The martini was sloshy and cold and essentially perfect.
Perhaps having three olives was overkill when two would have been sufficient, but the bartender, Daisy, was only a week removed from bartending school and hadn’t yet realized she’d leveled up. She was still using extra garnishes to mask her relative inexperience. Yet while her over-the-counter alchemy had almost spontaneously transitioned into top-notch, her logistical skills were still underpracticed; she’d accidentally read the order ticket twice and made this second, near-impeccable drink — subtly yet immeasurably superior to the one that preceded it — for nobody.
Anne, a professional second-guesser who’d knocked off work early after a rough day, was the one who’d ordered the martini. She would have preferred to sit at the bar, rather than get table service near the noisy game annex. However, the establishment’s espresso machine, a two-boiler La Marzocco, had busted a gasket. The bar was dripping with still-scalding water when the coffee machine repair guy shooed Anne away. It was the cleanest the bar had been in years.
The first incarnation of Anne’s order was delivered by a waiter whose name was “Dante,” yet everyone called him “Dane” due to the owner’s misreading of his initial application. It didn’t bother him; Dante thought of “Dane” as an alter-ego. “Dane the Superwaiter” picked up the drink from the bar faster than a breaking cue ball, and brought it to Anne with the grace and efficiency of a dart achieving bullseye.
Anne just stared at it, clouds swirling on a crystalline surface, and began to relive what started as a normal day, a good day. She started to replay and second-guess her responses from the management meeting, but, with a sharp shake of her head, stopped herself. She was proving their point.
By the time she decided to take a sip, Daisy’s duplication rested on the rubber green bar mat, waiting for a server who would never come. The difference between the two drinks was palpable and tragic; Anne sipped at the drink in front of her and felt a haunting chill. There was nothing wrong with it — it was a good martini, just slightly overbalanced with vermouth. But a nexus of possibilities surrounded both the drink at her lips and its bar-abandoned twin. Anne had a ghostly inkling that she was missing something spectacular. If Superwaiter had been less swift and grabbed that second one, or if Daisy’s skill set had magically clicked only minutes earlier, then Anne might be having a transcendent moment where she could truly throw off the shackles of a damned awful day.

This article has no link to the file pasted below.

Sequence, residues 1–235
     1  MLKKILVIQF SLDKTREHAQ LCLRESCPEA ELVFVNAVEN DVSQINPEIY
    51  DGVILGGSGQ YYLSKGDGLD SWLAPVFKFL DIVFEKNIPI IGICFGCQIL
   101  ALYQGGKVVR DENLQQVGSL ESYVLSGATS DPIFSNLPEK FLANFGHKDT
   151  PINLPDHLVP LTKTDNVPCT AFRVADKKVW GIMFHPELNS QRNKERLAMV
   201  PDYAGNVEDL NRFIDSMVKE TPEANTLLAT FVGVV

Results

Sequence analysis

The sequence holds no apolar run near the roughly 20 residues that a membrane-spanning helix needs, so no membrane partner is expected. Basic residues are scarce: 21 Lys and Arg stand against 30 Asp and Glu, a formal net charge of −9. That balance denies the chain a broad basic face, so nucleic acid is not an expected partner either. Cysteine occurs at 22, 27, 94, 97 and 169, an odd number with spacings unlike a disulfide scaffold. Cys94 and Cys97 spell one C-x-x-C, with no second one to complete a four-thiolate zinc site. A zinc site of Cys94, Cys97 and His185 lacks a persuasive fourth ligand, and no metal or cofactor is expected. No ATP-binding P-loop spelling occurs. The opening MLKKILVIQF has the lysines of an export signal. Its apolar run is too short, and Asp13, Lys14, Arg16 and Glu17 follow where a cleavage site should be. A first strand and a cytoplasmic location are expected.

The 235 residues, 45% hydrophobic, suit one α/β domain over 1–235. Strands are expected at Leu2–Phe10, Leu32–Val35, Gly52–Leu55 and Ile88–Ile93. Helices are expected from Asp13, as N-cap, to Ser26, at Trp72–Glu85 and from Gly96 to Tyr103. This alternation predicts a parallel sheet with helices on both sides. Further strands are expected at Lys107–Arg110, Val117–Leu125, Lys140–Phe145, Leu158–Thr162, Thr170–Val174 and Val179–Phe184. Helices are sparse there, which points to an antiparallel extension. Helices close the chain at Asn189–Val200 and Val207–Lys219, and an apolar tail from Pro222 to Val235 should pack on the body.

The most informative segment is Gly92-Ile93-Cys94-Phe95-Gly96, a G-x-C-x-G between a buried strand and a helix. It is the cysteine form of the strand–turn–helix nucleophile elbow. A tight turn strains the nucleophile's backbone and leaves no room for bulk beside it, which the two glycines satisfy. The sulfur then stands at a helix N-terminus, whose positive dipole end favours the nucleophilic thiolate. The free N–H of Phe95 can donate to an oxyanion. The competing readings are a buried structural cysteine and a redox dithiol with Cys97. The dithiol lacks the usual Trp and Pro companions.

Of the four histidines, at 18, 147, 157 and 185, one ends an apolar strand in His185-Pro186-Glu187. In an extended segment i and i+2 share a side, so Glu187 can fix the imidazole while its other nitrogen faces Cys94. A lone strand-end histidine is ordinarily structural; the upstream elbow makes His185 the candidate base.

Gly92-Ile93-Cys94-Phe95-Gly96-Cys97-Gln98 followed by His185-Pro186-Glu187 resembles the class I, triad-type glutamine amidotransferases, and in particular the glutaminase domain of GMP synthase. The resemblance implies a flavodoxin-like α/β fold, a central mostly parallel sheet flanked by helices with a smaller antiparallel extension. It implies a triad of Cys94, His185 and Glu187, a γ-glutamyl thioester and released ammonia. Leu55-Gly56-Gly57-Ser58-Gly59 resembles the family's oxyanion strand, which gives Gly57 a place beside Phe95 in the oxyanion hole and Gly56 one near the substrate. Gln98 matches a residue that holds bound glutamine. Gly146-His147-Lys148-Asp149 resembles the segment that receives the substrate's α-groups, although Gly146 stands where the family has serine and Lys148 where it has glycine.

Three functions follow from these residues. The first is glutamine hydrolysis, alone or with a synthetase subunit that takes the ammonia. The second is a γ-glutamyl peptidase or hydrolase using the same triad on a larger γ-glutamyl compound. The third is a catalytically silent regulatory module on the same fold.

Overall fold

Instead, Anne chewed an olive off of the jagged plastic toothpick and watched the coffee machine repair guy poke and prod the espresso machine.
“Making sure people can get their coffee,” she murmured. “Honest, important work. Tangible results.”
But his face was furrowed, and Anne, ever analytical, also noted that his teeth were perfectly white, rather than the mostly yellow of most chronic coffee drinkers (or, as was common in her field, the ultra-bright white of those who overcompensated for staining). She left two $20 bills on the table, underneath the half-full drink, gathered her coat and briefcase, and went to catch her train.